Seeing the light, or more specifically, the direction of the light falling on your subject is most important, you need to look at your subject carefully and watch how the shadows fall. Natural light is beautiful and fun to work with.
Today we’re going to talk about natural light and photography. I’m a strictly natural light photographer – no studio lights here. I, personally, think natural lighting is more flattering and you can be SO creative with it! Today I’m going to point out 3 different types of natural lighting you can work with and experiment with, no matter your experience level, or even what equipment you have! But, the first thing you need to do is turn off the flash on your camera. All of the beautiful natural light and purposeful positioning won’t make a difference if your flash undoes it all 🙂
1. Front lighting – this is essentially when your subject is evenly lit from the front. This is achieved (indoors) by facing your subject directly towards a large window, for example. This works best if it’s a North or south facing window, or when the sun is over head, not shining directly through the window – blinding your subject! All of my black backdrop photos are done this way, with the subjects facing directly toward my large window in my living room. It’s a nice, even effect with no shadows falling under their eyes (causing the oh so lovely raccoon effect). I wouldn’t recommend this effect outdoors on a sunny day – I would recommend using side lighting for those conditions – however on an overcast day, you always get nice even lighting and lots of details in both your highlights and shadows.This photo was taken out doors on an overcast day. You can see how the lighting is pretty even all over – a very uniform look. Easy on your camera, too 🙂 It doesn’t make it go craZy trying to figure out how to expose it.
2.Side lighting – this is when your subject is placed with the light source to one side of them. This effect is gorgeous outdoors when the sun is nice and low in the sky (like about an hour before sunset). What this does is give the subject lots of dimension and gives it a 3-D look. Always look carefully at your subject and notice where the shadows are falling. It’s amazing what moving a few inches to the left or right can do to change the entire effect of the picture! In this lovely digital age you have the benefit of taking LOTS of pictures with no added cost. You can really experiment with side lighting to try some awesome effects.
This works just as well indoors. Instead of placing your subject directly facing a window, try positioning them so the window is to one side of them or another. Or you can have them facing the window straight on and YOU be the one to move to the side. Fun stuff. Give it a shot!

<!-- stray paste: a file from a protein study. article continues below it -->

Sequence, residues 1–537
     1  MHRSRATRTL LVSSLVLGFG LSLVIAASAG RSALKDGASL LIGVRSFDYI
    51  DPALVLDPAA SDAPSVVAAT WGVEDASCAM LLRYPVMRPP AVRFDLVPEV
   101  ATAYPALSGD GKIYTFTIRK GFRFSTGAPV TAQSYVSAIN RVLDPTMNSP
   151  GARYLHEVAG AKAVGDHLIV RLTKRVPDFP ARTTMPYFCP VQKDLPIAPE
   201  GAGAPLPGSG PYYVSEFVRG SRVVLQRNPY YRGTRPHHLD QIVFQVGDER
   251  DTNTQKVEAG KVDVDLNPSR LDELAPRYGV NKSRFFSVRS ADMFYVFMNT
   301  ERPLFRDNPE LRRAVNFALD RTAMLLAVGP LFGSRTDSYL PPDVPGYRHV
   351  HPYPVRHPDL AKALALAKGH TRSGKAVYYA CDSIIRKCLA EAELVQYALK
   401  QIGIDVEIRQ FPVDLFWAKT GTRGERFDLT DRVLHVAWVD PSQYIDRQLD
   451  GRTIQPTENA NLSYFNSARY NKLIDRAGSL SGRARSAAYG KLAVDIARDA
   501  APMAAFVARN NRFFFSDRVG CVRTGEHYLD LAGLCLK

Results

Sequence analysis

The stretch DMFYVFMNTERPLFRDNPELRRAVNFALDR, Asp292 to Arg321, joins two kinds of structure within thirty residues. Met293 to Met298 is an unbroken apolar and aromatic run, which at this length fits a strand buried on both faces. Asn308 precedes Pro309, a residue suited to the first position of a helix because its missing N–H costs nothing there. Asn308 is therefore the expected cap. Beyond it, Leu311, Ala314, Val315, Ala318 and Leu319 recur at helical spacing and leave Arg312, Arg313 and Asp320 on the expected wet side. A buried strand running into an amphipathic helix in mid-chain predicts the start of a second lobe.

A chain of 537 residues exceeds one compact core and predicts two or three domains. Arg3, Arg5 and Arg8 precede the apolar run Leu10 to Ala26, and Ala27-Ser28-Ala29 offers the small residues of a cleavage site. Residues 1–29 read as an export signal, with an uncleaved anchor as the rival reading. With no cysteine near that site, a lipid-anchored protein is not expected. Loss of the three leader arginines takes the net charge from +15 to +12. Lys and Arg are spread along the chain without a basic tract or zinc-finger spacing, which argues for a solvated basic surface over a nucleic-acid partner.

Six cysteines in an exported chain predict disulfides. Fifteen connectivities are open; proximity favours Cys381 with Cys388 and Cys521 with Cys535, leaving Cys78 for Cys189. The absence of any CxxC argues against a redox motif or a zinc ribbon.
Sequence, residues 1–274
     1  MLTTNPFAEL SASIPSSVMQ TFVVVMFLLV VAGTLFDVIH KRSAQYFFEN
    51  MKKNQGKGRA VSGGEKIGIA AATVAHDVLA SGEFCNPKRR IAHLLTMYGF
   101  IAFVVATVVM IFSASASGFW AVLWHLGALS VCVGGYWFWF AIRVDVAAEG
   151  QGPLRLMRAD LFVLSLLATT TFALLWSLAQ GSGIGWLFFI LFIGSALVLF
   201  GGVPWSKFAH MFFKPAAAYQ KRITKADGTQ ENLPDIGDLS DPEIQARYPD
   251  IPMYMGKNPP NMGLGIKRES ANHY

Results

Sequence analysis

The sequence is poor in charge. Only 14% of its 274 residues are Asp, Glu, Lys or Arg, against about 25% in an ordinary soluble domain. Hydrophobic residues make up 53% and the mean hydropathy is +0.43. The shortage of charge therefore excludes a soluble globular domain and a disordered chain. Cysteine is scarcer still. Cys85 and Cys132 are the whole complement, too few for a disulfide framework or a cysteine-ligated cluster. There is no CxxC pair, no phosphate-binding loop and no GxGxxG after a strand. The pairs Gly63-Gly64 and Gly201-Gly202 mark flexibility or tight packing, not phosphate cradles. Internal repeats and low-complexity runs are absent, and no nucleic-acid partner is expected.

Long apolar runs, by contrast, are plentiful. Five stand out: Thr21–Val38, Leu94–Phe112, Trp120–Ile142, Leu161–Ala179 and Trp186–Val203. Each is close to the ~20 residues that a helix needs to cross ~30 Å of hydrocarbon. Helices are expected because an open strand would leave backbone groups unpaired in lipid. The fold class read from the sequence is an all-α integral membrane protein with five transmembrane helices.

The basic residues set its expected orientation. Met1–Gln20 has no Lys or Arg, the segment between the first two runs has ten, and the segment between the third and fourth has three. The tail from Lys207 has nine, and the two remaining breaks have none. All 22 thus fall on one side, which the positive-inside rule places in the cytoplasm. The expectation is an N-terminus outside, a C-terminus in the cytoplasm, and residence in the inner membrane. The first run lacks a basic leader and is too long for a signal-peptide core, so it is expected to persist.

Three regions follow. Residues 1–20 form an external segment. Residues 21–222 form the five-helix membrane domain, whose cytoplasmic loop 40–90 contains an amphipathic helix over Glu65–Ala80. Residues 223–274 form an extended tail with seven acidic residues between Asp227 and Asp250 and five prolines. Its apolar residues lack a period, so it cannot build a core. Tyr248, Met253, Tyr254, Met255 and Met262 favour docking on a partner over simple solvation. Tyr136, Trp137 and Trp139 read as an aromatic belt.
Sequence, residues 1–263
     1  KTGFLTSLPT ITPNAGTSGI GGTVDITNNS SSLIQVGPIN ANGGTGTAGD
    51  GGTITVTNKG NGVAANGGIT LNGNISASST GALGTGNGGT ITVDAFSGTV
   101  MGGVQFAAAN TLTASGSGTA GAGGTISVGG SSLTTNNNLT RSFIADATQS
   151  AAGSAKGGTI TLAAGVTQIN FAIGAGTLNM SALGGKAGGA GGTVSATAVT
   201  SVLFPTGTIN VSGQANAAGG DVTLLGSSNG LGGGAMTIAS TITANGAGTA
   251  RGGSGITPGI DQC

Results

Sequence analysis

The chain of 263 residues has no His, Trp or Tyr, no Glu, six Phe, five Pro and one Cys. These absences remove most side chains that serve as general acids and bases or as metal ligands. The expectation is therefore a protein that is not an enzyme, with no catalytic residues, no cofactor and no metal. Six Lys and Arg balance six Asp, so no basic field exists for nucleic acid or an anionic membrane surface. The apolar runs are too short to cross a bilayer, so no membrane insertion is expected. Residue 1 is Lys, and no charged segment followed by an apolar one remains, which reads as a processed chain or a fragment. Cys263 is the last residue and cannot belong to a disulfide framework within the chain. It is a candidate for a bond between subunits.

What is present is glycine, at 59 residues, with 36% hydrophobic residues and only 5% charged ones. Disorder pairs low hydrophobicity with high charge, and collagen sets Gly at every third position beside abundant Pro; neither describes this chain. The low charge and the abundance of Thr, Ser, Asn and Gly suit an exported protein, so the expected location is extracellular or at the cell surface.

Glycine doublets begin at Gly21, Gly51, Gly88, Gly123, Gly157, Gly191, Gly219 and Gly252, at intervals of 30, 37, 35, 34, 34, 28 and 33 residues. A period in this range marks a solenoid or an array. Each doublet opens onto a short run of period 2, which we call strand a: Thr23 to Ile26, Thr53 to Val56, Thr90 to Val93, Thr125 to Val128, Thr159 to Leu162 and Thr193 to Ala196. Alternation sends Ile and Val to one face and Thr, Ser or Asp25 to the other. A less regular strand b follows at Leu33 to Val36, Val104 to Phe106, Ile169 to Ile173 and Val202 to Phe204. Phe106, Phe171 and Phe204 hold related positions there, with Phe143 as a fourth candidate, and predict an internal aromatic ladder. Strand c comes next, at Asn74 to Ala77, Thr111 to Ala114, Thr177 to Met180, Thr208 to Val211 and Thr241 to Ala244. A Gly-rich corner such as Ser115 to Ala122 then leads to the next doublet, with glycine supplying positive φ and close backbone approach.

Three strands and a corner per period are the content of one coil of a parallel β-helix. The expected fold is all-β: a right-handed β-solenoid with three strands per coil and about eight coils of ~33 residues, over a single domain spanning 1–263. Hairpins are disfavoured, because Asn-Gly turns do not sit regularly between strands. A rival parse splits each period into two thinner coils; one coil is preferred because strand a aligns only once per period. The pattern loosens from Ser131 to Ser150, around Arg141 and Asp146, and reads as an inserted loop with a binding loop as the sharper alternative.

3.Back lighting – This is where your light source is BEHIND your SUBJECT, not when the light source is behind you. This sounds simple, but it can be tricky to get right. The tricky part comes in pointing your camera directly into the light. What often happens is you get that icky glare that decreases definition and contrast in your pics. Using a lens hood helps with that. If you can get the lighting right, it showers a beautiful light over your subject, highlighting their hair and giving a warm glow.
If, when using back lighting, your subject looks too dark, you can try forcing your camera to flash (choosing the flash on icon or whatever) and it will fill in the shadows and warm up your subject quite a bit, while still giving your subject that nice backlit glow.
Back lighting works really well when you are trying to create a silhouette. The key to getting this effect is to make your camera take a meter reading off the sky. All this means is you want your camera to set the sky at a correct exposure, making everything else darker. You know when you press your shutter button down half way to focus before you actually press all the way to take the picture? Usually what your camera is also doing is taking a reading of the light, to decide what settings to use so the picture will turn out correctly exposed (not too light or too dark). So, you want to tell your camera to make the sky not too light or too dark, which – when you are pointing right into a light source – will make the rest of the photo darker (meaning your subject will be silhouetted). I hope that made some sort of sense. To try creating a silhouette, place your subject between you and the light source, so the light source is behind them. Then, point your camera up and to the side of them , pointing it at the sky, then press your shutter button down half way. Keep it pressed down and move the camera so it’s pointing back at your subject, which should now look pretty dark. Snap. You’ll create a nice silhouette. Give it a shot!